Berkeley economist Brad DeLong, always a helpful source on what Obama’s economic advisers purport to believe even when asked to say otherwise, laments about what Ezra Klein’s take on Peter Orszag’s going to CitiGroup reveals about the competence of White House Staff.

DeLong concludes the messaging Staff are just incompetent when they criticize Orszag. That may be, but I think there’s a simpler, more plausible, explanation.

First from Klein’s post:

It’s difficult to overstate how much bad will has developed between Orszag and the White House he used to serve. Some of that comes from perceived disloyalty in Orszag’s public statements — like his first New York Times column, which called for a short-term extension of all the tax cuts when the White House was arguing for the permanent extension of most of the cuts and the expiration of the cuts for the rich — but this move [to Citigroup], which many in the administration consider politically problematic and personally distasteful, added considerably to the anger.

And DeLong responds:

Look: Peter Orszag believes–as do I–that the most basic principles of good governance mandate that the American government have a long-term plan in place to match its long-term projected expenditures with its long-term projected revenues. Peter Orszag believes–as do I–that requiring that every policy initiative be paid-for in the long-term so that it does not increase the projected debt, say, ten years out into the future is the minimum low bar that policy should be able to clear.

Barack Obama has not taken Peter Orszag’s advice: he has not proposed only initiatives that are paid-for in the long-term. He has not pledged to veto bills that raise the projected debt ten years hence.

Let’s try a different theory. Since a supposedly temporary two-year extension of all the tax cuts is exactly what the White House accepted and is now forcefully defending, doesn’t it make more sense to think Orszag was a helpful stalking horse for an idea the White House had already embraced months ago?

After all, as Jane Hamsher recognized, and DeLong apparently agreed, there’s no reason to believe Obama would have wanted to run in 2012 on raising anyone’s taxes, even the rich.

If that was the strategy from the beginning, then having Obama consistently claiming he didn’t want tax cuts for the richest 2 percent to continue but had no choice but to accept them would have been how this White House would have spun it. And they would have scotched any negotiating posture — remember Schumer’s $1 million threshold? — that might have put that core part of any deal in jeopardy.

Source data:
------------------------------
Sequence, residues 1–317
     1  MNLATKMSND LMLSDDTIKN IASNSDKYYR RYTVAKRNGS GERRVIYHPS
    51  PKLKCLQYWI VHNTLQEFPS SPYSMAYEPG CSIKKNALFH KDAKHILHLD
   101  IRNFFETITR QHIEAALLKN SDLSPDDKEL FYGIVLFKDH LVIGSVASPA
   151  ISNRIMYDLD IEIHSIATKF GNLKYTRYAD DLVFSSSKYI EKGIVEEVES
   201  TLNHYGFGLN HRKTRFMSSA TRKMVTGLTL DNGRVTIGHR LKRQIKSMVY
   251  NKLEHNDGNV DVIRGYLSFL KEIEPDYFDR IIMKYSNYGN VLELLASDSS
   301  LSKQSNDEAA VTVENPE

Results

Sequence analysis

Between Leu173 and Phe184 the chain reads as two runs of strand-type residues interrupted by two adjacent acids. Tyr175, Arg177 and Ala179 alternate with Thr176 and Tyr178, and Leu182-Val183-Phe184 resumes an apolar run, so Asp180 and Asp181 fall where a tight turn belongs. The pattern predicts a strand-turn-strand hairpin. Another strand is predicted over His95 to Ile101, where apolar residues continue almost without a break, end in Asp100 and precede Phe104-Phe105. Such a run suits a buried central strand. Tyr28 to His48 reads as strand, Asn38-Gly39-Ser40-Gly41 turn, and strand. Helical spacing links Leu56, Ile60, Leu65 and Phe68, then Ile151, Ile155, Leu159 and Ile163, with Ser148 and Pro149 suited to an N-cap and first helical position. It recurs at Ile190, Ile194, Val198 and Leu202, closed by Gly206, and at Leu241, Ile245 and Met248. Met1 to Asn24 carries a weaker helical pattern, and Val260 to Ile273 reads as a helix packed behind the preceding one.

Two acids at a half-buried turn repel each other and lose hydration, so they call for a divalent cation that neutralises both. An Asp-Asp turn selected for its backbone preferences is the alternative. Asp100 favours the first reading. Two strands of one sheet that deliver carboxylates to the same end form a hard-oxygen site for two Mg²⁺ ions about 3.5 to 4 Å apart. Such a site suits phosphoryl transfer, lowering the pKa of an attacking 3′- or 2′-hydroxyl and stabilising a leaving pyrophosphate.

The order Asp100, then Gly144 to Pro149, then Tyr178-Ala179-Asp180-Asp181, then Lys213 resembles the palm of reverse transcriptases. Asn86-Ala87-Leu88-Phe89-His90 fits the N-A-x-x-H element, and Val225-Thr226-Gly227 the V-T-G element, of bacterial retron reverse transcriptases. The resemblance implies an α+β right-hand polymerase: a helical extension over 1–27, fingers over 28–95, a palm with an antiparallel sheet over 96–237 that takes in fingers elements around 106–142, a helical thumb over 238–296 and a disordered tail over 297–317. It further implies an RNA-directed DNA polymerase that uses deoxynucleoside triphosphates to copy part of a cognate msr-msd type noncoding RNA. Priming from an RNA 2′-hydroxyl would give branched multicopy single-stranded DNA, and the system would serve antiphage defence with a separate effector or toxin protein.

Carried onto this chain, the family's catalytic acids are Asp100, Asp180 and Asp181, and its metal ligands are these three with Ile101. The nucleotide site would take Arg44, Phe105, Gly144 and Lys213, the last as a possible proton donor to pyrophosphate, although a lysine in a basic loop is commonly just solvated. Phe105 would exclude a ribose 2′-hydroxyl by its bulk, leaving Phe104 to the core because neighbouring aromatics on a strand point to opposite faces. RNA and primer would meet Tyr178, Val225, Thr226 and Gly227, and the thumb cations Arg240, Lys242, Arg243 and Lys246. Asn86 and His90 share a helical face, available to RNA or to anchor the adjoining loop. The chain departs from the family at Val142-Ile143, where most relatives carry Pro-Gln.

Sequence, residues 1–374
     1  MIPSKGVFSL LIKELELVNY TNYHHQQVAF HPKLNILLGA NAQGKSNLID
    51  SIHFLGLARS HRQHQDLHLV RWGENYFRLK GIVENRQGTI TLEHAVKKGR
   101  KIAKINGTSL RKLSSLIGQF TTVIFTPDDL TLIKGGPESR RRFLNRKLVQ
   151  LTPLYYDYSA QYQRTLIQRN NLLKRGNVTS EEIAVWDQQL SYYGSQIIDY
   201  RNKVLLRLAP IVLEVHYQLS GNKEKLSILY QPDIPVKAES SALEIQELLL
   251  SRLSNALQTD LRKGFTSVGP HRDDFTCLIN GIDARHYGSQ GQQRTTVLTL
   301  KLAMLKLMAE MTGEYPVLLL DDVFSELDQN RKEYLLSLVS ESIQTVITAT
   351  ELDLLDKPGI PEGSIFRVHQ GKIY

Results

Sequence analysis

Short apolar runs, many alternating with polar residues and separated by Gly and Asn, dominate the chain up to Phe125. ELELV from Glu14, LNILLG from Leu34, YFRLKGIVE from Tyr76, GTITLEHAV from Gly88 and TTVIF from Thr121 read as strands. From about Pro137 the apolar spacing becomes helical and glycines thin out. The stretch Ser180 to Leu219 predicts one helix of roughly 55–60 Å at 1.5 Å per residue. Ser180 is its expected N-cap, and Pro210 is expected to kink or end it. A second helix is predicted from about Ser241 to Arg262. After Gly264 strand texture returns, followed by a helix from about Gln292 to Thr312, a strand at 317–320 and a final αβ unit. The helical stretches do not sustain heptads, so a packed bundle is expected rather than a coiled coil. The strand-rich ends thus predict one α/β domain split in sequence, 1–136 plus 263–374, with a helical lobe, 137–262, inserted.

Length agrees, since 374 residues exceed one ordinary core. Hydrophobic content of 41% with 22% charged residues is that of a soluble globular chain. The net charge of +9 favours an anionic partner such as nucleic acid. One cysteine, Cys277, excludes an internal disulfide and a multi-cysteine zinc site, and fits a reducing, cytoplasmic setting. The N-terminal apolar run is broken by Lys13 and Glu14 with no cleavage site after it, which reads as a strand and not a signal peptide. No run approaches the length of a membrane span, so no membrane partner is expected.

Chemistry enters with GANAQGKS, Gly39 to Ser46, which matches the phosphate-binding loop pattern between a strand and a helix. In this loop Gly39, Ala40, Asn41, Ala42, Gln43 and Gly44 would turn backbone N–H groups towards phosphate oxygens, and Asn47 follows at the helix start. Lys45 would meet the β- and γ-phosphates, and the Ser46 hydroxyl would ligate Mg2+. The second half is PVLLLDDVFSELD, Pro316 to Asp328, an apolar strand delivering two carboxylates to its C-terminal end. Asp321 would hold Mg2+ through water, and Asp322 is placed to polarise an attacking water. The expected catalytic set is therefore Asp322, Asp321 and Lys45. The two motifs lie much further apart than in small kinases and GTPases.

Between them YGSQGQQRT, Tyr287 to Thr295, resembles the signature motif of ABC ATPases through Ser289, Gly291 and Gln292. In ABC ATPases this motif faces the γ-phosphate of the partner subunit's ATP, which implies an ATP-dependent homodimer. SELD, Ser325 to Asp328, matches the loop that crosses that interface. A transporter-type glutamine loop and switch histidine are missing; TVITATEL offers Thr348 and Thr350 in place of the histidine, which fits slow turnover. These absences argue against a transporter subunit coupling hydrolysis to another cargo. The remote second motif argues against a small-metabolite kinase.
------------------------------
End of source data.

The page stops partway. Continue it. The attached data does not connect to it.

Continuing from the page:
So if that’s what happened, then it’s perfectly consistent to have the supposedly off-message White House Staff telling trusting reporters how upset they are at Peter Orszag for being disloyal and undermining the President’s goals to end the high-end tax cuts. And who better than Ezra Klein to run with this? And how convenient for the WH to be able to blame Orszag for alienating much of the Democratic Party.

I didn’t used to be this cynical, but come on guys. All the arguments about “where was Obama’s veto threat” apply equally against Orszag’s NYT claims that Obama can/will threaten to veto further extensions in 2012, in the face of a more hostile Congress and his own election on the line.

Orszag’s NYT op-eds also came complete with a signature Obama tactic, a seemingly gratuitous, dishonest slam at progressives for, he claimed, being unwilling to discuss Social Security’s “insolvency.” [More about Orszag here.]

And the icing on the cake is reading reports uncritically telling us the White House is, gosh darn it, really upset that Peter Orszag would embarrass the Administration by walking through those million dollar revolving doors at CitiGroup.

Good grief. You’d think this Administration had a stringent policy of not hiring people from Wall Street or allowing those steeped in its ethics from running the economy or defining the limits of financial “reform” and the purpose of HAMP. Please.

John Chandley